During the past few years a great number of experimental model and numerical analysis results on the uplift resistance of anchor plate embedded in homo geneous cohesion less soil has been reported by many researchers. A review of related literature shows that not much research has been done to analyze the performance of anchor plates in layered soils a problem, which is often encountered by the professional engineers in the field.
Although some experiments, beginning from Stewart (1985)
that studied the behavior of anchor plate embedded in a saturated clay layer
overlain by a compacted sand deposit, the experimental consisted of laboratory
model tests on circular anchor plate of 50 mm diameter and 5 mm thick as shown
in Fig. 1. From this research it was found that the cohesion
less soil overlay significantly increased the ultimate uplift capacity of the
anchor plate compared with its value when embedded in clay alone that Fig.
2 shows them. The increase in uplift capacity is due to two main factors.
The first is the additional over burden pressure, which converts the original
shallow anchor plate into a deep anchor plate; the second is the mobilization
of the frictional loading of the overlays. He showed that large displacements
were needed to mobilize the frictional loading of the overlying cohesion less
Sutherland (1988) pointed out that in practice little
real benefit to uplift capacity could be a anchor plate embedded in cohesive
soil since a large displacement is needed to mobilize the shear strength of
the overlays. It was suggested that achieved by placing cohesion less soil over
if a sand overburden were to be used, a more sensible solution would be to place
the anchor plate on the surface of the cohesive soil layer and then place cohesion
less soil on top.
Manjunath (1998) suggested a theory for define of vertical
uplift capacity of a shallow horizontal strip anchor plate in two layered frictional
- cohesive soil. The effect of surcharge has also been considered. The theory
has been developed by using theory of characteristics coupled with log spiral
failure surface having different foci for different layers shown in Fig.
3. Uplift capacity factors, separately for cohesion (Fc), surcharge
(Fq) and unit weight (Fγ) have been presented as
a function of embedment ratio, friction angle of each layer and ratio of top
layer to the total embedment depth.
||Experimental investigations layered soil system used by Stewart
||Load-displacement curves of anchor plates in layered soil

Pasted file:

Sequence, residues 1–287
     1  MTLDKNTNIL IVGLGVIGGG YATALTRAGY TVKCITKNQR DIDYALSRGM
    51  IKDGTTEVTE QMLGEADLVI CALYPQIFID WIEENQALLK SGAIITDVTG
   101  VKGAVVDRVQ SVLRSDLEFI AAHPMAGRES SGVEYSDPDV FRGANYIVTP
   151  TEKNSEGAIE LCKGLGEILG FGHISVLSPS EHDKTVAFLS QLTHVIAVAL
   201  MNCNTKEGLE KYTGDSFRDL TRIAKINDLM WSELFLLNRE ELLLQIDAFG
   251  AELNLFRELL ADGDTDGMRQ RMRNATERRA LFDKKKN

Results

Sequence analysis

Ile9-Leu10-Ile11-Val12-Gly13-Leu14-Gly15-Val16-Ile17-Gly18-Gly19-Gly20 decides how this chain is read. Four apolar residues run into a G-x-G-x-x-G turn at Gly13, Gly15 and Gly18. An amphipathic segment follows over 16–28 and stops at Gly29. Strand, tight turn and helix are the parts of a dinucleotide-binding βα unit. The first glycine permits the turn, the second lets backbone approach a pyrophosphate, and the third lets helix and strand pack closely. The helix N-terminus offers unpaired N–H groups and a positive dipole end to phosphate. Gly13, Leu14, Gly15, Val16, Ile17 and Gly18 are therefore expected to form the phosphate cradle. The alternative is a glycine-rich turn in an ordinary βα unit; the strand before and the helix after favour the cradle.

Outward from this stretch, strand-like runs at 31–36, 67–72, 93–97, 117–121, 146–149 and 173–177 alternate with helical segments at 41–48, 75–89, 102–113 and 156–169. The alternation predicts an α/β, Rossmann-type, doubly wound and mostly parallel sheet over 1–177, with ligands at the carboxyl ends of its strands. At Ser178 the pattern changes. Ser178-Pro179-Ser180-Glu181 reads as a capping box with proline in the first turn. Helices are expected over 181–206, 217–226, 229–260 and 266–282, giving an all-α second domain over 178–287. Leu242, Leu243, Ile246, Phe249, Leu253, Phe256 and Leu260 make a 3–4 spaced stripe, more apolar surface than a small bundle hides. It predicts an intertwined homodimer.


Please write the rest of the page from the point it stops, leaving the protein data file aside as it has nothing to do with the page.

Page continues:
system by Stewart (1985)
Hence using these factors for the selection values of friction angle of bottom
layer (φb), top layer (φt) and embedment ratio
the vertical uplift capacity of shallow horizontal strip and circular anchor
plates can be defined in two layered soils with surcharge for any value of Df/D
ratio. The net average ultimate uplift capacity (U ↓ (u- net) has been
written in the form:
Uunet = (dt ct
+ db cb) Fc + qFq + 0.5 (B
drγr + dbγb) Fγ)
And the average ultimate uplift capacity (Uu) is as:
Uu = Uunet + (Drγr
Niroumand and Kassim (2010a, b)
reported the behavior of an irregular anchor plate buried in a two layered frictional-cohesive
||Faliure mechanism in two layered soils by Manjunath
(1998). where, γot: Initial length of radial line of
log-spiral failure surface in the top layer, γob: Initial
length of radial line of log-spiral failure surface in the bottom layer,
γt: Final length of radial line of log-spiral failure surface
in the top layer, γb: Final length of radial line of log-spiral
failure surface in the bottom layer, βt: angle between the
final radial line () of log-spiral failure surface in the top layer and
the horizontal at the interface
The testing program consisted of two 159 and 297 mm long irregular anchor plates
buried in soft clay overlain by loose sandy soil as shown in Fig.
4. The uplift tests were carried out on an irregular anchor plate embedded
at a depth D in a combination of layers of clay-sand. The testing program consisted
of an irregular anchor plates buried in soft clay overlain by loose sandy soil
as shown in Fig. 5 (a, b). The thickness
of each layer was increased to a certain proportion of the anchor long and it
was increased from 1 to 4 and 1 to 7 times the long irregular anchor plates.
It was reported that for upper layer thickness ratio of less than one and for
a given ratio, D/B there was no difference between the uplifting an anchor plate
from a clay-loose sand bed.
For a given D/B ratio and the upper layer embedment ratio of 1 to 4 a clay-loose
sand bed in bigger irregular anchor plate gives a greater uplift than upper
layer embedment ratio of 1 to 7 a clay-loose sand bed in smaller irregular anchor
As a conclusion, this study shows that the last experimental works have been
done regarding to performance of the anchor plate in layered frictional-cohesive
soils. Inevitably such a wide range of parameters will contribute to conflicting
conclusions for the ultimate uplift load of the anchor plates. These researches
have been done, using different regular /irregular anchor plates and soil parameters.
Unfortunately, the results obtained from the laboratory tests are typically
a specific problem and are difficult to extend and develop to field problems,
due to the different materials or the geometric parameters used in the field
scale. It is observed that the ultimate uplifting capacity is dependent on the
relative strength of the two layers, the depth of embedment ratio and the upper
layer thickness ratio.